It’s a deal that’s been a long time coming. After many months of careful planning and negotiation, Cell C will sell 3 200 of its cellular base stations to US-based American Tower Corp (ATC) for US$430m (R2,9bn). The company will use the money to restructure its balance sheet.
The cellular operator will sell 1 400 of its existing towers and, over the next two years, another 1 800 that are currently under construction.
TechCentral first broke the news of Cell C’s plans back in March.
Cell C CEO Lars Reichelt says the company will plough the funds that flow from the deal into reducing its interest-bearing debt.
“We will use it to relook at our bonds and really shore up the balance sheet a bit more,” he says.
The sale could also pave the way to a more competitive telecommunications market as smaller players will be able to lease access to a national tower network once the deal is concluded. ECN Telecoms CEO John Holdsworth, for one, has already expressed an interest in installing communications equipment on Cell C’s towers.
This is the second move in the past year by Cell C to shore up its balance sheet and get it fighting fit to take on bigger rivals MTN and Vodacom.
Earlier this year, it restructured its long-term debt through a debt-for-equity swap agreed to by shareholders, reducing the amount it owed by about half, to roughly R6,6bn.
The tower sale deal represents the latest steps by Cell C CEO Lars Reichelt to turn the company around. The operator, which entered the market as SA’s third mobile provider a decade ago, is building an advanced mobile broadband network, which it is expected to launch in Gauteng by mid-November.
The network, offering theoretical speeds of up to 21Mbit/s, is already available commercially in Cape Town and Durban and several smaller towns and cities.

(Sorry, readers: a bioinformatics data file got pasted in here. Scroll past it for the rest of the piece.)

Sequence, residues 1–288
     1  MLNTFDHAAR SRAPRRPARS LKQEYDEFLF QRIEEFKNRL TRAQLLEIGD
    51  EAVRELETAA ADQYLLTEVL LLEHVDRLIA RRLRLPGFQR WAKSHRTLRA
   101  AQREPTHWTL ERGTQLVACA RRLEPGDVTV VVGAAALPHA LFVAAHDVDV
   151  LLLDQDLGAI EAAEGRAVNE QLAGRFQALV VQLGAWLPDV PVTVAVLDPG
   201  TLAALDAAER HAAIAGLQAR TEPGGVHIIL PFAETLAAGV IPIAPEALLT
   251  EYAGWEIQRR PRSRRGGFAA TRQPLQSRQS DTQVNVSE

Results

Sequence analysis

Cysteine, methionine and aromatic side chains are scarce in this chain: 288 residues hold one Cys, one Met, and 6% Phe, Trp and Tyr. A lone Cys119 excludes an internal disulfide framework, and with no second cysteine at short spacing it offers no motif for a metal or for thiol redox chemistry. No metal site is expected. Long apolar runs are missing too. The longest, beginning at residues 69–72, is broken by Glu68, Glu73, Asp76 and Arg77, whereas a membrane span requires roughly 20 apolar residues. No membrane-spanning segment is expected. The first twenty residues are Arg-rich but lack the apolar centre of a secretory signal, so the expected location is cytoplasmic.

The company is investing more than R5bn this year on its new network and recently unveiled refreshed corporate branding in an effort to start punching above its weight in a market dominated by MTN and Vodacom.
Analysts have broadly welcomed Cell C’s tower sale, saying infrastructure sharing is a worldwide trend. As pressure mounts on operators’ revenues and profit margins, and particularly as business models shift from voice services to data, they need to find ways of reducing their operational costs.
ATC, which is listed on the New York Stock Exchange, operates about 20 000 wireless towers across the US. According to the company’s website, it offers “co-location” facilities, allowing wireless operators to get sites on air “quickly and easily”. It also operates infrastructure in Mexico, Brazil and India.
Cell C will be the anchor tenant on all of the base stations ATC has bought, and Reichelt says he expects the deal to be finalised by early next year.
ATC was one of three businesses that were pitching for the deal. Another was Eaton Telecom, which was established recently to focus on tower-sharing opportunities in Africa. TechCentral does not know the name of the third bidder. — Candice Jones, TechCentral